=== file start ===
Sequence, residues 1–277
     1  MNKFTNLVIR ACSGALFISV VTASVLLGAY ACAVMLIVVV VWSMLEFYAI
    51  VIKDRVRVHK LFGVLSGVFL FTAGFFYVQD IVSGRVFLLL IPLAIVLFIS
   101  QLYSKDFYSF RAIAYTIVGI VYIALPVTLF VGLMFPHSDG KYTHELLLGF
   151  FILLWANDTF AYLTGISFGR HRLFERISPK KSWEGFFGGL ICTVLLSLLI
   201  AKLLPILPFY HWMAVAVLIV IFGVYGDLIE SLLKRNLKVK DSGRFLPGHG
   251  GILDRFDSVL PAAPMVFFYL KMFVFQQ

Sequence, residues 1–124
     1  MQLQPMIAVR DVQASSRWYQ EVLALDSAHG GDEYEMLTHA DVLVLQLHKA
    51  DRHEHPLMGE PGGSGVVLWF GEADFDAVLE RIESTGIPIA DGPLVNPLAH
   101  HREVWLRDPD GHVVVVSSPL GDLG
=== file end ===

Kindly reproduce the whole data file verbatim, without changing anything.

Sequence, residues 1–277
     1  MNKFTNLVIR ACSGALFISV VTASVLLGAY ACAVMLIVVV VWSMLEFYAI
    51  VIKDRVRVHK LFGVLSGVFL FTAGFFYVQD IVSGRVFLLL IPLAIVLFIS
   101  QLYSKDFYSF RAIAYTIVGI VYIALPVTLF VGLMFPHSDG KYTHELLLGF
   151  FILLWANDTF AYLTGISFGR HRLFERISPK KSWEGFFGGL ICTVLLSLLI
   201  AKLLPILPFY HWMAVAVLIV IFGVYGDLIE SLLKRNLKVK DSGRFLPGHG
   251  GILDRFDSVL PAAPMVFFYL KMFVFQQ

Sequence, residues 1–124
     1  MQLQPMIAVR DVQASSRWYQ EVLALDSAHG GDEYEMLTHA DVLVLQLHKA
    51  DRHEHPLMGE PGGSGVVLWF GEADFDAVLE RIESTGIPIA DGPLVNPLAH
   101  HREVWLRDPD GHVVVVSSPL GDLG